Marc Lanteigne 

15 May 2019 

China’s peacekeeping in Mali represents another example of the country's increasing willingness to send personnel into an active conflict zone and a shift in Chinese strategic thinking.

One of the less-prominent changes in China’s security thinking over the past two decades has the been the country’s greater willingness to engage with, and take part in, United Nations Peacekeeping Operations (UNPKO) in parts of the world well beyond the Asia-Pacific region. As of March of this year, China had deployed 2513 peacekeepers to UN missions abroad, including to the Democratic Republic of Congo (DRC), Lebanon, South Sudan and Sudan. Over the two decades, Beijing has been more willing to send peacekeeping personnel into regions where combat remains ongoing, with one prominent example being the United Nations Mission in South Sudan (UNMISS). China’s peacekeeping contribution to UN operations in Mali represents not only another example of China’s developing willingness to send personnel into an active conflict zone, but also a departure from previous Chinese thinking regarding the choice of missions to engage in. It also reflects the developing acknowledgement from China that civil conflicts can have regional and international effects, especially as Africa becomes a critical part of Beijing’s expanded cross-regional trade interests.

China began to expand its interests in UNPKO engagement in the late 1990s. But the country’s participation in the United Nations Multidimensional Integrated Stabilisation Mission in Mali (MINUSMA) since 2013 marked the first time Chinese combat forces have been deployed as an integral part of a UN mission. In 2012, a small platoon of Chinese troops was sent to South Sudan, but its role was specifically to guard other Chinese personnel in the country. By contrast, the military detachment sent to Mali, originally numbering 170 troops, represented the first true combat forces to be integrated within a UN mission, given their considerably wider role in protecting both Chinese and non-Chinese personnel.

Until the Mali mission, China had demonstrated a preference for supplying non-military personnel -- including civilian police, engineers and medical teams -- to United Nations missions. Also, unlike in other parts of Africa where China has significant resource diplomacy interests, including DRC and Sudan/South Sudan, bilateral economic links between China and Mali remain comparatively modest at best, reported as totalling US$405 million in 2017. Nonetheless, Beijing’s ongoing commitment to MINUSMA has sought to demonstrate that China’s engagement with Africa has moved beyond the economic realm.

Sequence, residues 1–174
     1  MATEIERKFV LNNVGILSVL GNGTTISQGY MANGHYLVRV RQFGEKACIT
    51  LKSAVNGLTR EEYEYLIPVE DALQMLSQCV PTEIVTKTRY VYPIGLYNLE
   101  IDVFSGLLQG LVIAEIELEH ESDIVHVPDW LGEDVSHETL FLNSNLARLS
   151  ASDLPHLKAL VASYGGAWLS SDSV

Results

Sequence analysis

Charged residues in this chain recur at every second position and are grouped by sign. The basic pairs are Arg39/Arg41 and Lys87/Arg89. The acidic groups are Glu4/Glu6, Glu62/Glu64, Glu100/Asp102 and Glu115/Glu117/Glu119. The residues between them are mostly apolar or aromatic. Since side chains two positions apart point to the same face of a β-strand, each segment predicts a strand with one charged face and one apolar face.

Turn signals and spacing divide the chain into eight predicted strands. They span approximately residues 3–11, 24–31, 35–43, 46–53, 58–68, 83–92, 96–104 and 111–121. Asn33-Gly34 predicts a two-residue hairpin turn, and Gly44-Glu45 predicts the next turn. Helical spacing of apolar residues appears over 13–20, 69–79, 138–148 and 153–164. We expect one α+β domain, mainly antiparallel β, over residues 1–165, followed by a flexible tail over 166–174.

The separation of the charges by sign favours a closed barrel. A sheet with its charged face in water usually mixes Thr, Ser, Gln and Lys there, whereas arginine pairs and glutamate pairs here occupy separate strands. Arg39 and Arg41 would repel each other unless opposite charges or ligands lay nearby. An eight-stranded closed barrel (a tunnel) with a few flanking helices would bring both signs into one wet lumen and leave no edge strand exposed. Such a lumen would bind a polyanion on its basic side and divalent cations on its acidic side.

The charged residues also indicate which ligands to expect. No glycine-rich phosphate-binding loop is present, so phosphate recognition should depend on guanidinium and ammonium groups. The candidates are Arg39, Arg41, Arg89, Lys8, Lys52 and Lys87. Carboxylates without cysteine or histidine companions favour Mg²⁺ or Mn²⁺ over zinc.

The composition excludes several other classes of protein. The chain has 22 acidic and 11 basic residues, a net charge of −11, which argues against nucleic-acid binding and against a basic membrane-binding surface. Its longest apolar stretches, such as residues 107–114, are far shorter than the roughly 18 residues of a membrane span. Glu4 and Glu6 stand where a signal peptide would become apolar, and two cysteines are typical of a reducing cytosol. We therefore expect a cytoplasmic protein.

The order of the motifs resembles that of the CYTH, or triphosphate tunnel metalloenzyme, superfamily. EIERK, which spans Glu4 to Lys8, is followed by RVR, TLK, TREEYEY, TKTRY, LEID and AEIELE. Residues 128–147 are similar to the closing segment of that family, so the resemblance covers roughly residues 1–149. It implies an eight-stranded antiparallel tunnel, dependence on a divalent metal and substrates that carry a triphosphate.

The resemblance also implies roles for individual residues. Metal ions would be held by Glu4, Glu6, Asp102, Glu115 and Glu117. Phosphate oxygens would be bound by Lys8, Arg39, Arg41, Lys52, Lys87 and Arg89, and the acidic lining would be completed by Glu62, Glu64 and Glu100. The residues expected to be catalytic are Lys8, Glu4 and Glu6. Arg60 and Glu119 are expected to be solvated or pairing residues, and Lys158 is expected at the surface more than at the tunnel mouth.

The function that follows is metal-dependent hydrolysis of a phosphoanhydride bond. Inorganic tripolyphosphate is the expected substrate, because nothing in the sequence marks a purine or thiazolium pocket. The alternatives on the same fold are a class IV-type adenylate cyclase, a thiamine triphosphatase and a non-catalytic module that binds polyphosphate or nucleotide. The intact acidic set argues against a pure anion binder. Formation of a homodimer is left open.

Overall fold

The Background:  Mali’s Ongoing Security Challenges

Mali, along with many other neighbouring states in the Sahel region of northern Africa, was entangled in the aftershocks of the 2011 Libyan civil war. This resulted in the overthrow of longstanding leader Muammar Gaddafi, the fracturing of the country, and a swift re-igniting of hostilities which continues today. Mali’s fragile security structures buckled under the influx of both weapons and political extremism emanating from the Libyan conflict, resulting firstly in an aborted attempt by northern separatists to create a separate state of Azawad in 2012, and then regular attacks by armed fundamentalist organisations, including factions backed by Al-Qaeda and later the Islamic State (IS).

In March 2012, a military coup resulted in the removal of Malian President Amadou Toumani from office, and subsequent governments, including the current administration of Ibrahim Boubacar Keïta, continue to struggle to prevent the country from becoming a collapsed state. France, the former colonial power in Mali between the nineteenth century and independence in 1960, took the lead in launching Opération Serval in January 2013 to expel Islamic extremist forces from northern Mali, followed by Opération Barkhane in August 2014 which incorporated French counter-insurgency campaigns throughout the Sahel region, linking the Mali mission with those in Burkina Faso, Chad, Mauritania and Niger, to the quintet of states also known as the ‘G5 Sahel’.

The United Nations Security Council agreed to create MINUSMA in April 2013 under the provisions of Chapter VI of the UN Charter and with the blessing of the Malian government. Since then, the operation has been referred to as the "world’s most dangerous UN mission". The UN mandate in the country has been to help protect and stabilise the country in light of the eroded security situation, as well as to promote a durable democratic system in the country and to uphold the foundations of a shaky 2015 peace agreement. As of March 2019, there were slightly over 16,400 total UN personnel attached to the MINUSMA mission.

China decided in mid-2013 to supply peacekeeping personnel for the mission.The first detachment, which arrived in December of that year, was an advanced force of 135 personnel, including combat forces from the then-Shenyang Regional Military Command of the Chinese People’s Liberation Army (PLA). The sixth Chinese peacekeeping force was established in Mali in May 2018, with all of its 395 members being awarded the UN Peace Medals of Honour in March of this year. A seventh  detachment is planned to arrive in Mali during the middle of this year. Beyond MINUSMA itself, Beijing has also been a strong advocate of international financial support for the post-2017 G5 Sahel joint force initiative, which was created by the five Sahel nations to share information and support on counter-terrorism and to promote regional stability.